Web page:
Four sentence book reviews #3

Hello, everyone, and happy Star Wars Day! I’ve been reading quite a bit lately and I want to discuss some of the books I’ve read. It’s been nearly a year since my last one of these, so let’s do it!

Ink, Iron, & Glass by Gwendolyn Clare
Elsa’s mother, a renown scriptologist who can literally edit and write worlds into existence, has been kidnapped. Elsa, a budding scriptologist herself, sets off to find her with the help of an old family friend and a gang of other magically gifted teenagers who are beginning to realize just how much of their world is a lie. This book is truly excellent in terms of its characters, setting, magic system, and world building. It balances all of these elements well to create a believable, multi-layered universe and with lovable characters, and incredible tension.

Image result for ink iron and glass

Photo attributed to Goodreads.

Tess of the Road by Rachel Hartman
Tess, who has a painful past, has never had much support from her family, except from her sister, who is about to get married. Even though Tess helped bring the match about for the advantage of their family, she is not happy about it. An accident prompts her to flee her family and set off on her own road, to find her own adventures. Set in the same world as her previous books, Seraphina and Shadow Scale, Hartman makes a remarkable, poignant, and timely return to her world of dragons, people, and how the two get along.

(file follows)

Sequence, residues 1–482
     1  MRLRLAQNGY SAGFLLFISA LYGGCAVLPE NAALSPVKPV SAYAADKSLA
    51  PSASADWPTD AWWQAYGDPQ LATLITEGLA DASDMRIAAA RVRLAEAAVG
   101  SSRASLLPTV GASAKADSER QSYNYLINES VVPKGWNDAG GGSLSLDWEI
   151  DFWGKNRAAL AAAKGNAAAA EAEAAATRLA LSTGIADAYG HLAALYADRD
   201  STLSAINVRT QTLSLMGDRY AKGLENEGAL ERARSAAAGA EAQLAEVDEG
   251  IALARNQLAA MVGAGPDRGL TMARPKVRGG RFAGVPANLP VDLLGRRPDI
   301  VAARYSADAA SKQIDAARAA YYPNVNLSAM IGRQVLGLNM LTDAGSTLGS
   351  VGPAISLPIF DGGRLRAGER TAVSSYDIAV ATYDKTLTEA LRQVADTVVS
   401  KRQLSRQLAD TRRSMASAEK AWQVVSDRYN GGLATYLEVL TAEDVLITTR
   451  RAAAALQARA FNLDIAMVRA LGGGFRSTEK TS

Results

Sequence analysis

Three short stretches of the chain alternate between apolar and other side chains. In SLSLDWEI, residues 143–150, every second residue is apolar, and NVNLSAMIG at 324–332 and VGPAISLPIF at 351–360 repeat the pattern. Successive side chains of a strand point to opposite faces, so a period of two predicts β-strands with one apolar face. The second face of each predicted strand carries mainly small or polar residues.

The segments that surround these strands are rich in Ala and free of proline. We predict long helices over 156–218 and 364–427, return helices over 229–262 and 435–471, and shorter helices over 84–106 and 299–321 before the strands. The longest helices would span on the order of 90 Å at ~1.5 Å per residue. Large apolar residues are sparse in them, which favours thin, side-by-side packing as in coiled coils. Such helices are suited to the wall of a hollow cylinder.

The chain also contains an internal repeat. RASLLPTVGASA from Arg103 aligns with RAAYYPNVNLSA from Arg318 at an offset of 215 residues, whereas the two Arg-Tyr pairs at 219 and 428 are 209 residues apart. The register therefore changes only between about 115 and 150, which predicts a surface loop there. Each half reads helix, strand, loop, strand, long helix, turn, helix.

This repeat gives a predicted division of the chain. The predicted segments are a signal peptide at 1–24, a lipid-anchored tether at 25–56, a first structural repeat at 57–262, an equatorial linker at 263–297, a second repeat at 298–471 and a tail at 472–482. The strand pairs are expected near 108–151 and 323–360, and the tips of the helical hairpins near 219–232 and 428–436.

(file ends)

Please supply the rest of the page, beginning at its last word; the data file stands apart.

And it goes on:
The Cruel Prince by Holly Black
Jude and her two sisters were taken away from the human world when they were little to live in the High Court of Faerie, where their humanity is something they constantly struggle with, especially since everyone holds it against them, from the faeries they live with to the prince himself. This was my first experience with Holly Black’s writing and I can’t say it was quite a favorable one. I was frustrated with the characters due to their lackluster personalities and since they all wanted to change things but they didn’t really get around to doing so until the last fifty or so pages. I doubt I’ll continue with this series in the future.